Intel Next Gen Mobile and Six-Core Westmere Processors

Written By Sam on 6 February 2010
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Intel unleashed many additional details of its hexa-core desktop, next generation mobile and dual-core Westmere processors. Intel enhanced many technical aspects of its processors along with improvements in power consumption levels.

Westmere 6C ( codename Gulftown) is basically a native six-core chip that has wadded nearly 1.17 billion transistors into a die measuring 240mm sq. Westmere 6C carries 12MB up L3 and a TDP of 130W at 3.33GHz and expected to boost both the core and cache count by 50 percent with not much changes in the processor’s thermal envelope. However, additional technologies incorporated in Gulftown will reduce the CPU’s power consumption especially when it is in idle state. All the previous processors of Intel had seen changes only in the Core hardware though the Uncore hardware could not be effectively controlled, but now through Westmere 6C, Intel will fine-tune both the sections thus enabling minimal power consumption without any adverse effects. Gulftown will also support low-voltage DDR3 that utilizes an operating voltage of 1.35v. As per details announced by Intel, these techniques will reduce the power consumption up to 20 percent overall.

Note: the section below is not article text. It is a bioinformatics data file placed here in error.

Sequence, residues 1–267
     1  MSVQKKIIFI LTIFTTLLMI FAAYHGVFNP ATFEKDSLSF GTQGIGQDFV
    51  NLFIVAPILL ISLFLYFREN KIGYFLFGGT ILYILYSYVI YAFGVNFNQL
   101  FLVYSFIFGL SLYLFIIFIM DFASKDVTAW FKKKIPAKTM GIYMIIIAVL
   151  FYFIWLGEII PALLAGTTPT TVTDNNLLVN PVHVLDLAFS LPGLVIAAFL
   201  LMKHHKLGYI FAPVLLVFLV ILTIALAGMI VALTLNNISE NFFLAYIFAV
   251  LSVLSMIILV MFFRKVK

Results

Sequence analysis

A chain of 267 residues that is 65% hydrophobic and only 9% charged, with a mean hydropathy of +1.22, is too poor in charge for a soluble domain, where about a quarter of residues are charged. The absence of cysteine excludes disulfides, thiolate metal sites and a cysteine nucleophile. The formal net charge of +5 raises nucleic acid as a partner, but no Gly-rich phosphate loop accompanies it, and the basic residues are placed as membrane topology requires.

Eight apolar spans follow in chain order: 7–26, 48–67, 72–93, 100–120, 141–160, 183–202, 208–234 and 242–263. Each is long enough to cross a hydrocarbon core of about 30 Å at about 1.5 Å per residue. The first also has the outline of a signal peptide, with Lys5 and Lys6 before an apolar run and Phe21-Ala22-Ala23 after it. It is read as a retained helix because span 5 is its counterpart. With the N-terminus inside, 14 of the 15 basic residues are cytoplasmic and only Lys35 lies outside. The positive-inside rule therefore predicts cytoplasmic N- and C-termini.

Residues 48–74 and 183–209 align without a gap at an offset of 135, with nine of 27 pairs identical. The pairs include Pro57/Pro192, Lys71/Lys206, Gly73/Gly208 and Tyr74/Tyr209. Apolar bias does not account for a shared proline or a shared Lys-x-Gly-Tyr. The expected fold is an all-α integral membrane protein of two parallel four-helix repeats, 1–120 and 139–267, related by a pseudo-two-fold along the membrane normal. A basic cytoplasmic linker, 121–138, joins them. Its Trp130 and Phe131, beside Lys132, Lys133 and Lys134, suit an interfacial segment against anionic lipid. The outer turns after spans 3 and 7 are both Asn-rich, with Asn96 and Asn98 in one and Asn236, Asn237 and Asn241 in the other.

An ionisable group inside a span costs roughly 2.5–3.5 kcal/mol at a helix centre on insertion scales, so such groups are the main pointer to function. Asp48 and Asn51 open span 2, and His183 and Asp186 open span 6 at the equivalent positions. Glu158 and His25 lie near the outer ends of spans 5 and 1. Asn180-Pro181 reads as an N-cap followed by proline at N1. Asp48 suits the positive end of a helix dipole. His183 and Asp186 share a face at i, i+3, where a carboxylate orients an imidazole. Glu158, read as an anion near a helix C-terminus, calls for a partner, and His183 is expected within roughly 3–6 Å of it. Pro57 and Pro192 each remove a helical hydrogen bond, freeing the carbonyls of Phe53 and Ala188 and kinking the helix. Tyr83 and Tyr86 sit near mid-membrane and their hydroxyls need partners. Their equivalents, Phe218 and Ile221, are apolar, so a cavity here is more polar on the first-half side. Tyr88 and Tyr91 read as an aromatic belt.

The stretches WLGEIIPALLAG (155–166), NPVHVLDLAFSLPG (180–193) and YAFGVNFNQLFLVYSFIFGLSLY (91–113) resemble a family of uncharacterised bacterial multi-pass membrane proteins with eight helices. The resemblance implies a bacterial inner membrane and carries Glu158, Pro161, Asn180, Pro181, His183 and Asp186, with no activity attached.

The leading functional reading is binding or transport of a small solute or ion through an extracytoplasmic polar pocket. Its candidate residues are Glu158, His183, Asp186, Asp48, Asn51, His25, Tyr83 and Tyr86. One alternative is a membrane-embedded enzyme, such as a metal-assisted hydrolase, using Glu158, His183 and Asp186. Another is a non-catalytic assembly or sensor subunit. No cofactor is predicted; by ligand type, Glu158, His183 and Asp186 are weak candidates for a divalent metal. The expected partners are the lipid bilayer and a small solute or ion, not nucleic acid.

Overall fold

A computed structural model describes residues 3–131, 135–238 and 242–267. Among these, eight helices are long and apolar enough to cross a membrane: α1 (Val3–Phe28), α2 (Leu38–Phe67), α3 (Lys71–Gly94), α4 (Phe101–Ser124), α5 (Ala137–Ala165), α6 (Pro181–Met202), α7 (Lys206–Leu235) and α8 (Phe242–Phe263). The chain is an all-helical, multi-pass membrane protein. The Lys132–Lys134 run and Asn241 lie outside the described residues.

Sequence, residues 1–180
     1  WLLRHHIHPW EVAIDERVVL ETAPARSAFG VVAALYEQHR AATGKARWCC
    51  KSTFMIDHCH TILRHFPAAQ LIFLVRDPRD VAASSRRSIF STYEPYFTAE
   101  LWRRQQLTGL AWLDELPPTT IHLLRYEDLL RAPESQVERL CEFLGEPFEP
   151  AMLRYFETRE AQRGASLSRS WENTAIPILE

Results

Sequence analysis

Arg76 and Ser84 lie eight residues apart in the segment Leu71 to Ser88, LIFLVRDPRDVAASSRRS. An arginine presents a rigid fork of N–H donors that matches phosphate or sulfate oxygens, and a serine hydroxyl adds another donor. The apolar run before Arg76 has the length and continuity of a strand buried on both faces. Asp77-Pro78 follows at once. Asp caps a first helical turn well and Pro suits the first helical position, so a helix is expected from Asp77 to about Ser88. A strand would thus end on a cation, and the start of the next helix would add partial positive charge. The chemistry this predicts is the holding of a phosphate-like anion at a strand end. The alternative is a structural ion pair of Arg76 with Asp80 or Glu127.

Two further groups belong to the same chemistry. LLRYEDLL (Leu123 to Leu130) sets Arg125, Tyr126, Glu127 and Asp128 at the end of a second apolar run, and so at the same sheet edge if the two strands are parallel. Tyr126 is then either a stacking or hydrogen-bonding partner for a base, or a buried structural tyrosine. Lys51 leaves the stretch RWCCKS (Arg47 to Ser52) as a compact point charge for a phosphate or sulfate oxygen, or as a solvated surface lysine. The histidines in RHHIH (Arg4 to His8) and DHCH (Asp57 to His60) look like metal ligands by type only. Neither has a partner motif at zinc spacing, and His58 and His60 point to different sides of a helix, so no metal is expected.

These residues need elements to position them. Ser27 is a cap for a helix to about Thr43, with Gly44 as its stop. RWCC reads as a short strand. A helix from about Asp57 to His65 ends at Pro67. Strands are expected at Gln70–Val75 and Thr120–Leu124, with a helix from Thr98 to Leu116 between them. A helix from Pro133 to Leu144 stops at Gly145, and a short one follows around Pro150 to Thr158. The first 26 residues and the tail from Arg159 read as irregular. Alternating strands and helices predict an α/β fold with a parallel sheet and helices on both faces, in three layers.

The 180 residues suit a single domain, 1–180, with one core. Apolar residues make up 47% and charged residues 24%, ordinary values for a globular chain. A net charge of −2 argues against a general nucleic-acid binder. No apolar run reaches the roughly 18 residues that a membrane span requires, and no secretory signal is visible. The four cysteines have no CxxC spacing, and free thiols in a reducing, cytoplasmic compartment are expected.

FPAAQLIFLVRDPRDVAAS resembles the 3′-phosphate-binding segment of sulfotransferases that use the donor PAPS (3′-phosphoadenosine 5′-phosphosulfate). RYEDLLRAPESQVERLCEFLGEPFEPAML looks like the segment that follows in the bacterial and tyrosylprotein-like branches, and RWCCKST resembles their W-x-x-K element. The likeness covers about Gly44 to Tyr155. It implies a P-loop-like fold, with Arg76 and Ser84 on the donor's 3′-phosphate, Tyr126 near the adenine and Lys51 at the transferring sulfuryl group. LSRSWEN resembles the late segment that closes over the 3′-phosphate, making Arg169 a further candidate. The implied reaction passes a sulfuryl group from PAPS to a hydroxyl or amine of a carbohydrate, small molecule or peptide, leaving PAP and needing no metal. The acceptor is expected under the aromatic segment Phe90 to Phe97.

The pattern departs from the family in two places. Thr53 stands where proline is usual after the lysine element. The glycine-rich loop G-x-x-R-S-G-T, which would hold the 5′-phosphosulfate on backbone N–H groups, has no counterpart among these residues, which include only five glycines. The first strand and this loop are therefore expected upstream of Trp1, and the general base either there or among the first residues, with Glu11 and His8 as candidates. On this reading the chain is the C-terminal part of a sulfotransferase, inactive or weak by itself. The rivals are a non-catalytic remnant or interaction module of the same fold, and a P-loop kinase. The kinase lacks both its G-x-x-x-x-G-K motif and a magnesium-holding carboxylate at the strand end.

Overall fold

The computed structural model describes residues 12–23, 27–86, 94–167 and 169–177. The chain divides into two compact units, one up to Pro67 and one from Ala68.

Intel’s big mobile-specific tech, Arrandale (32nm Westmere 2C) is a Turbo Boost for graphics mode, which cuts the CPU frequency and ramps the IGP higher in order to improvise the graphical performance. This improvisation has been coined as “HD Graphics with dynamic frequency.” The specification sheets of Intel Core i3 processor lists a 500MHz standard frequency with a 667MHz maximum dynamic frequency while other Core i5 mobile parts will feature a frequency of 766MHz that replicates an increase of 1.33x and 1.53x respectively. Arrandale’s integrated IGP includes many enhanced features, which makes more powerful than desktop predecessors do, but these “new” features such as hierarchical Z support have been implemented nine years by ATI and NVIDIA in their GPU’s.

In addition to the x86 CPU briefings, Intel is expected to present many paper’s at ISSCC very soon, which will mainly emphasize on the company’s ongoing research works that includes digital intelligence, high-speed interconnects, and reconfigurable computing along with details of a 48-core single-chip processor, unveiled last year.

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